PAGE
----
The First Lady, Auxillia Mnangagwa has challenged men to take up family planning and assist women in choosing and accessing best methods for use.
Officiating at the launch of the Population Services Zimbabwe and Swedish Government funded project in Harare yesterday, the first lady said men should be involved in family planning and should help women choose the best methods.
“To men out there, Family Planning is your responsibility too. Your involvement in assisting women in choosing and accessing methods is highly encouraged,
“There are methods specifically meant for men for example vasectomy which is offered by the Ministry of Health through Population Services Zimbabwe and Zimbabwe National Family Planning Council (ZNFPC), I urge you to consider them.
“The SIDA partnership is going to enable Population Services Zimbabwe to support and strengthen at least 60 public rural health facilities in Zimbabwe to offer quality long term family planning services and youth friendly services,” she said.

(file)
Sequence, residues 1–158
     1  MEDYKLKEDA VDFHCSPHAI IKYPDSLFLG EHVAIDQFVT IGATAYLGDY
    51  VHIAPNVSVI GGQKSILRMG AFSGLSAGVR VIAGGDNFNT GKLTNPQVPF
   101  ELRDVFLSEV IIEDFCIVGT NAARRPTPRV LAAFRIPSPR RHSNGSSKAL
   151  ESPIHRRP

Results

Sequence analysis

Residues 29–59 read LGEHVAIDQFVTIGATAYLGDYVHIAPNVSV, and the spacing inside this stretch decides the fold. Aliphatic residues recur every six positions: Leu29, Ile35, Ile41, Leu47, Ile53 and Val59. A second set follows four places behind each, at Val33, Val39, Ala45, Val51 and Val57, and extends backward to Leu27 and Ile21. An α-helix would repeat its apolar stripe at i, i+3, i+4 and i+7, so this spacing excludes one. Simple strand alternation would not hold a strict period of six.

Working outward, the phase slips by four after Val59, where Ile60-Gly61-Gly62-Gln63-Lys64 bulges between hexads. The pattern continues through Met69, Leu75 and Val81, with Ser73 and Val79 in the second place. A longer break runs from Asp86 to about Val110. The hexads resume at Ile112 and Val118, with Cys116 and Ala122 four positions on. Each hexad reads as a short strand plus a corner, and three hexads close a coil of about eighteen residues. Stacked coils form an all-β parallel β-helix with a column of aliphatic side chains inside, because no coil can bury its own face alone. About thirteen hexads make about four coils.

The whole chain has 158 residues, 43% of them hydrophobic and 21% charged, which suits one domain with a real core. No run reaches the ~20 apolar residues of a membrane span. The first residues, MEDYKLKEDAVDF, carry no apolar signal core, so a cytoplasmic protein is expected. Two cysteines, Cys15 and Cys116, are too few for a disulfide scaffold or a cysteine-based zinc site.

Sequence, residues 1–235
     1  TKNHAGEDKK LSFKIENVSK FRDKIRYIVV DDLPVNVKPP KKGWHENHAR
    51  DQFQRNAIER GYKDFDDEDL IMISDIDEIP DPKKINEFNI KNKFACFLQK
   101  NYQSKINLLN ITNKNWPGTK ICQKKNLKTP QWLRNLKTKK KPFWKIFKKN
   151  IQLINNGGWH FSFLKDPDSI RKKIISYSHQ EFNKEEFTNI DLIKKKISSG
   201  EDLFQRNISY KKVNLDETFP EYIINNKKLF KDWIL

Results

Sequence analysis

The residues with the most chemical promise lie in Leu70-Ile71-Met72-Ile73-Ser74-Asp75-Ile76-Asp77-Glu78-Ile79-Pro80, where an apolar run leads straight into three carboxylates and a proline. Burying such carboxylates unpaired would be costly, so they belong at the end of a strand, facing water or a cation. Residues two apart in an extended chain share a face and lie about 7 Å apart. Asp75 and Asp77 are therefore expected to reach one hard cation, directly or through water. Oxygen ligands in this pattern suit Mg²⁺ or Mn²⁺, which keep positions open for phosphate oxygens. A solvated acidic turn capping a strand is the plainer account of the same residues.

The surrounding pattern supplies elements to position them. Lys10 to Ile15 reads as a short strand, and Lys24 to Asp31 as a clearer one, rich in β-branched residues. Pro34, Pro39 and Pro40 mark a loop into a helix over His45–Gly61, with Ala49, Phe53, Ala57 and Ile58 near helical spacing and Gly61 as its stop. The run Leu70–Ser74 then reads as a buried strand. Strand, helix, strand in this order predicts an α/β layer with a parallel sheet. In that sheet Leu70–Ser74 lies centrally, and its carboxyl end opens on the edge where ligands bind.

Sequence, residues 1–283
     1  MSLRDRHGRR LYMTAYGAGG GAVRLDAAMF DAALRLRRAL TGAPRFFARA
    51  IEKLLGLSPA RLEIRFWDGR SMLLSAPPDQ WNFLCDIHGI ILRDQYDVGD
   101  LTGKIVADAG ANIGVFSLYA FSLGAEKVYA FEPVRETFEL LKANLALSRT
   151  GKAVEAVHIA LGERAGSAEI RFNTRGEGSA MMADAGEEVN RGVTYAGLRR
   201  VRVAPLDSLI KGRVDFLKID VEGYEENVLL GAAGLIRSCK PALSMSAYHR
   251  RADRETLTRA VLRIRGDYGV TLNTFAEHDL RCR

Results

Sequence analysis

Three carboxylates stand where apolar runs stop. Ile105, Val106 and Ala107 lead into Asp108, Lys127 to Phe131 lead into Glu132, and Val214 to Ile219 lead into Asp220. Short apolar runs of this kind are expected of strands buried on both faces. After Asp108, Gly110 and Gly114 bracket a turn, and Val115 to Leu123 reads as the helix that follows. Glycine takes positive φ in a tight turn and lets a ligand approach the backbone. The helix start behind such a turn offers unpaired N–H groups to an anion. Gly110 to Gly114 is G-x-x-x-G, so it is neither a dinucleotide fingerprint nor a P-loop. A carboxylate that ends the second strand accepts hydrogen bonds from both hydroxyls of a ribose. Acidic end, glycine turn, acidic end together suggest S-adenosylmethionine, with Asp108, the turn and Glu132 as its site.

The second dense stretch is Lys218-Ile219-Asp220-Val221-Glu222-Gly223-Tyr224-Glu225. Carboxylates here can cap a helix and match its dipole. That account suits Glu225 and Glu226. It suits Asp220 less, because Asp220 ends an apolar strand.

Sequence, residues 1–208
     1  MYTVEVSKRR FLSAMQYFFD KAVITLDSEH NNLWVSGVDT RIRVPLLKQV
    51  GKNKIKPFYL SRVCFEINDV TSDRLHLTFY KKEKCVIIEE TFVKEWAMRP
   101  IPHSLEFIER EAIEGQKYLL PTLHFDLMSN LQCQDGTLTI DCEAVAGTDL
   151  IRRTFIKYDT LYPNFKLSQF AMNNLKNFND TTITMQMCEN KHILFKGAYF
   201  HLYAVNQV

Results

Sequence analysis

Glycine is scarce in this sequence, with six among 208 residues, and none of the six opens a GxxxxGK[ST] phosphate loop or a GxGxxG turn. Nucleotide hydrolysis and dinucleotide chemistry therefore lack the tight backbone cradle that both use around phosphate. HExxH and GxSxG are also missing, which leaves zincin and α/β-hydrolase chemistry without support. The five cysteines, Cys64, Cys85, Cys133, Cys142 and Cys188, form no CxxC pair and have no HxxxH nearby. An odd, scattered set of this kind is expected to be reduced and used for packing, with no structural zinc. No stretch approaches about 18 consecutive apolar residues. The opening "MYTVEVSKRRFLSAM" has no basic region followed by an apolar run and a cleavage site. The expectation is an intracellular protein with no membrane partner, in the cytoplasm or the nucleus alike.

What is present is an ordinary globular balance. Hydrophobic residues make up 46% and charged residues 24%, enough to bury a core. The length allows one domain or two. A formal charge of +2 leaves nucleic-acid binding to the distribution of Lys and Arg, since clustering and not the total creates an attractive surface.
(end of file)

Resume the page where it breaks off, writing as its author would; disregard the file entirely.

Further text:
She urged youths to delay sexual activity and concentrate on advancing their education.
“I urge all the youths out there to delay sexual activities and invest your energies in advancing your education as we strive for a better Zimbabwe,
“Family Planning is an essential component for our positive economic growth. I do appreciate the diversity in our religious and cultural beliefs, I call upon all Zimbabweans to reflect and realize the importance of having planned families.
“According to the Ministry of Health’s survey, most people with unplanned families are living in dire poverty and most children born out of these couples are not going to school. If we seriously consider family planning, our resource base and consumption will stay at par and a strain on the economy will be relieved and our well being will improve in the process,” she emphasized.
Meanwhile, the Swedish Government donated USD$8 million to Population Services Zimbabwe to help improve their services and quality of products.
Over the last three decades, Zimbabwe has managed to double its modern contraceptives prevalence rate from 38% in 1984 to 67% in 2014 through efforts of the government and other stakeholders.